Ten for Tuesday

A compendium of links and images I found captivating recently:

How an improv class is helping the anxious

I did some interviews several weeks ago with a number of friends, talking about the intersection of improv and life--look for those videos to drop this fall. One of them talked about improv as a way of dealing with social anxiety. This article expands on that idea:

“Little by little, you realize that just because things are uncertain doesn’t mean they’re frightful.”

That'll preach!


The sad, sad stories of the Presidential Fitness Test

Sit and reach. I sat, I reached, I farted. Ruined 5th grade. -- @cellsworthless

I was today years old before it occurred to me that there was something deeply problematic with the way we assessed fitness back when I was in school. (And according to my kids, still do.) 


Who Really Stands to Win from Universal Basic Income?

Guaranteed income, reconceived as basic income, is gaining support across the spectrum, from libertarians to labor leaders. Some see the system as a clean, crisp way of replacing gnarled government bureaucracy. Others view it as a stay against harsh economic pressures now on the horizon. The questions that surround it are the same ones that Nixon faced half a century ago. Will the public stand for such a bold measure—and, if so, could it ever work?

Two confessions. One, many of my friends are really into the idea of UBI, but I can't get my mind around it. Yet? Ever? Maybe? I don't know. Second confession is that I haven't finished this article, so I'm posting it as a TRL (to read later) for myself. 


The Moral Ledger

In recent months, a consensus has emerged among the conservative dissidents of the Trump era: We’ll continue to oppose the president when his policies and practices are counter to our principles, they say, but also be sure to publicly give credit whenever he stakes out an agreeable position on any issue that matters.

...It is a coherent approach. It is the pragmatic one. But it is unsatisfying and unsettling. And with each casual lie, crude insult, attack on the media, slight of the intelligence community, and example of grotesque servility to Russia’s dictator, it increasingly appears morally misguided.

Why yes, that is the conservative Weekly Standard there. 


What Men Say About #MeToo in Therapy

The #MeToo era has changed my work. If therapy has a reputation for navel gazing, this powerful moment has joined men in the room, forcing them to engage with topics that they would have earlier avoided. [I am] heartened by the private work that men are doing in therapy and how it can help us understand the relationship between what has been called “toxic masculinity” and the reservoirs of shame that fuel these behaviors.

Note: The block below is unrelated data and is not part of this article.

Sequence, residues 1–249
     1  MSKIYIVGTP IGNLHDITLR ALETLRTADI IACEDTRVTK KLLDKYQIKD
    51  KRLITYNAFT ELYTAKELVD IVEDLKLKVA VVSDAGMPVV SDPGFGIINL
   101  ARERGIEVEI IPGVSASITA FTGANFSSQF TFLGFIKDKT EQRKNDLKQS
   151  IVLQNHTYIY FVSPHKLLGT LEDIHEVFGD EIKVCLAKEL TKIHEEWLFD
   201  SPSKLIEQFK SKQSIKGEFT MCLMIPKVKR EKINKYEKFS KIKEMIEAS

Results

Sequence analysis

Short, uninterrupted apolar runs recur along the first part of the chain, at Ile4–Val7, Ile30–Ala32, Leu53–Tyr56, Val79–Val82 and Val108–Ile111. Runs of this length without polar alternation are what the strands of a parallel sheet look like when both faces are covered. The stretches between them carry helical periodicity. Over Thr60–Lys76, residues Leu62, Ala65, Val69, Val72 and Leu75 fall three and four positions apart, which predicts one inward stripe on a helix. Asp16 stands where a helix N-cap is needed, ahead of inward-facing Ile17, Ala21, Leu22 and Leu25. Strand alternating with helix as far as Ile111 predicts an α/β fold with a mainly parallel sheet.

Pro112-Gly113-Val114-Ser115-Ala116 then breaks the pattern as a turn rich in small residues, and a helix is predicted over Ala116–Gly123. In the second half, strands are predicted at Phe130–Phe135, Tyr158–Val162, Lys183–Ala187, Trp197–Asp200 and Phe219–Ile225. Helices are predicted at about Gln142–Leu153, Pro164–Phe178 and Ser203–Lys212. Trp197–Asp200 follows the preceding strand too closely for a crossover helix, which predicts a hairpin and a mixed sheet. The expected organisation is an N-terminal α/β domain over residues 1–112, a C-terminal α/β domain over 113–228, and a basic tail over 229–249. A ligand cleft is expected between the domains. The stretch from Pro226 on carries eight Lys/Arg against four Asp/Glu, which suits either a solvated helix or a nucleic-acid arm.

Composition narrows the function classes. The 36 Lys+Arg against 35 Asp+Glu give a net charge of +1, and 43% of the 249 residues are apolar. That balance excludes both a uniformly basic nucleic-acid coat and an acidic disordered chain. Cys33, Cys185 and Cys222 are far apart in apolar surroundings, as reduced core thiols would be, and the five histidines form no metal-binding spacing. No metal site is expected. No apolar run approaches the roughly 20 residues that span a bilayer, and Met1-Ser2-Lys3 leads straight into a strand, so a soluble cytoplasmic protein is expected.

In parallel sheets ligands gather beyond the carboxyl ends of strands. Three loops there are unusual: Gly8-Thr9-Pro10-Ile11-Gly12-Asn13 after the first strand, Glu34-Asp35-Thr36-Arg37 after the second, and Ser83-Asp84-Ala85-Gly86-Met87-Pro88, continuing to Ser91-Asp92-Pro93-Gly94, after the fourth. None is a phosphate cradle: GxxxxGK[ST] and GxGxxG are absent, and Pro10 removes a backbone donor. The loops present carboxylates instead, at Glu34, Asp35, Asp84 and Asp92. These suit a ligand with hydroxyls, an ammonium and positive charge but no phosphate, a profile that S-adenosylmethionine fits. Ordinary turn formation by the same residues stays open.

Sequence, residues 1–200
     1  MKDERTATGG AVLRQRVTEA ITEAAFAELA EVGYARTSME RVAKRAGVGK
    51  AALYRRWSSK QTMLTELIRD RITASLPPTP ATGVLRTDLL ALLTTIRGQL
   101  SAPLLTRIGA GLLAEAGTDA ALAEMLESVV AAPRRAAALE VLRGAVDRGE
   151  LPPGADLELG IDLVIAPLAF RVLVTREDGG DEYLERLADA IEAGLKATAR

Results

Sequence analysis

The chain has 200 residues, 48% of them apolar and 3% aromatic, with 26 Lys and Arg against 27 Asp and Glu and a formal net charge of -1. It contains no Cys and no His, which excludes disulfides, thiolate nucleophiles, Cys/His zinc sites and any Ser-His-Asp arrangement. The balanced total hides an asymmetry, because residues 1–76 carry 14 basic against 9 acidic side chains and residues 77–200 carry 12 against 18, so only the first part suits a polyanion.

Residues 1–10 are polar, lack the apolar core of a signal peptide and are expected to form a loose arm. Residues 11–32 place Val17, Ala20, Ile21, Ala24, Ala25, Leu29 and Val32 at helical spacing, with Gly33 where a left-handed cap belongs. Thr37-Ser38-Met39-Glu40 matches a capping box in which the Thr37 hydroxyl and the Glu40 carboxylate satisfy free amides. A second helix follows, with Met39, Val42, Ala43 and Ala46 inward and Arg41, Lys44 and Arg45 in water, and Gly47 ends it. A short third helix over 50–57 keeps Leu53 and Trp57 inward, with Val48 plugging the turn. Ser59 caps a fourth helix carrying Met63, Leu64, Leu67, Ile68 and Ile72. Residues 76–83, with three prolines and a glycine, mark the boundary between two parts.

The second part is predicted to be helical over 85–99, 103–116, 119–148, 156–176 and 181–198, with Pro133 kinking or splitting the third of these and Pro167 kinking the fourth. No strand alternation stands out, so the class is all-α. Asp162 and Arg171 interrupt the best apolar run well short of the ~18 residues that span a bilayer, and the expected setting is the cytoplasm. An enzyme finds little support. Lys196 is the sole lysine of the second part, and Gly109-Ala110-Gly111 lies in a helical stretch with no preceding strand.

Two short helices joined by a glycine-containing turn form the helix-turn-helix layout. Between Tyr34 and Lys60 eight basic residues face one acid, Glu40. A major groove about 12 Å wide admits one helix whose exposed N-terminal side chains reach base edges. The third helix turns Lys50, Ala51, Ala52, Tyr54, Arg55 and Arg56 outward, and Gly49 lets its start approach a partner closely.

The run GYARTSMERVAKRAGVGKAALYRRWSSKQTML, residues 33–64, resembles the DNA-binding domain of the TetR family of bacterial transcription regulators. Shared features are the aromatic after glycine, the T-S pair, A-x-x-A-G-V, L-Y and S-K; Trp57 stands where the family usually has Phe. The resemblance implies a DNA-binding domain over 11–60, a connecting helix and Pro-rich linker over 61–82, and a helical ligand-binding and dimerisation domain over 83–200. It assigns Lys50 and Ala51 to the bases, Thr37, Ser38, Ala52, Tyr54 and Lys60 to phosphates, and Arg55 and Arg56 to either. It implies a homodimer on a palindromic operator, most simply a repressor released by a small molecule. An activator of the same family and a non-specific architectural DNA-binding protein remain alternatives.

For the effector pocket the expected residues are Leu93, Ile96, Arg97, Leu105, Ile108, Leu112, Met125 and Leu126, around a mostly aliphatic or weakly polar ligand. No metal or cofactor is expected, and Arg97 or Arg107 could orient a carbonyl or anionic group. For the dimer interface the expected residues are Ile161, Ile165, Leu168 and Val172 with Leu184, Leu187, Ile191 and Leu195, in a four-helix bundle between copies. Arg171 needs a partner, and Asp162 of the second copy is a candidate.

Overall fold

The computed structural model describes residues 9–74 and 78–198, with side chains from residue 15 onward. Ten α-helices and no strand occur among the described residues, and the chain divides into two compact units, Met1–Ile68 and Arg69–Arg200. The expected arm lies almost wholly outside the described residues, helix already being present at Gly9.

Find Your Address As It Was Millions Of Years Ago (+ Other Perspective Expanders) 

Software designer Ian Webster created Ancient Earth Globe, a website that lets you type in a modern address and see how its place on earth has changed over the past 750 million years. You can select views from 750 million years ago to the present and find notes about what was happening on earth at each stop.

Here's my home, when the first land plants appeared:

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Where American Politics Can Still Work: From the Bottom Up

Thomas Friedman:

I was invited in April to give a paid book talk here in Lancaster, and I was so blown away by the societal innovation the town’s leaders had employed to rebuild their once-struggling city and county that I decided to return with my reporter’s notebook and interview them.

Some of the leading citizens decided that “time was running out” — hence “Hourglass” — and that no cavalry was coming to save them — not from the state’s capital or the nation’s capital. They realized that the only way they could replace Armstrong and re-energize the downtown was not with another dominant company, but by throwing partisan politics out the window and forming a complex adaptive coalition in which business leaders, educators, philanthropists, social innovators and the local government would work together to unleash entrepreneurship and forge whatever compromises were necessary to fix the city.

If you're despairing at the dysfunction of the world and the state of civic discourse, this article will hearten you. It's also a great parable of adaptive leadership.

The city has made a big push with public art, such as "Moving in the Right Direction" by Béatrice Coron, at Martin Luther King Jr. Elementary School.

The city has made a big push with public art, such as "Moving in the Right Direction" by Béatrice Coron, at Martin Luther King Jr. Elementary School.

Sacajawea and Heather.

Sacajawea and Heather.

My friend Heather curates this labor of love, which is exactly as it's described. These images show the lovely and sometimes fierce public art that highlights the accomplishments of women in our country, while also highlighting . Many of the women are unnamed.


With a Sniff and a Signal, These Dogs Hunt Down Threats to Bees


In Maryland, a state employee is training dogs to inspect hives for harmful bacteria — a crucial job as honeybees are sent around the country to pollinate crops.

Dogs are so dope sometimes. (So is Maryland.)


Toddler who beat cancer serves as flower girl—to a bone marrow donor who saved her life

Fight back with beauty.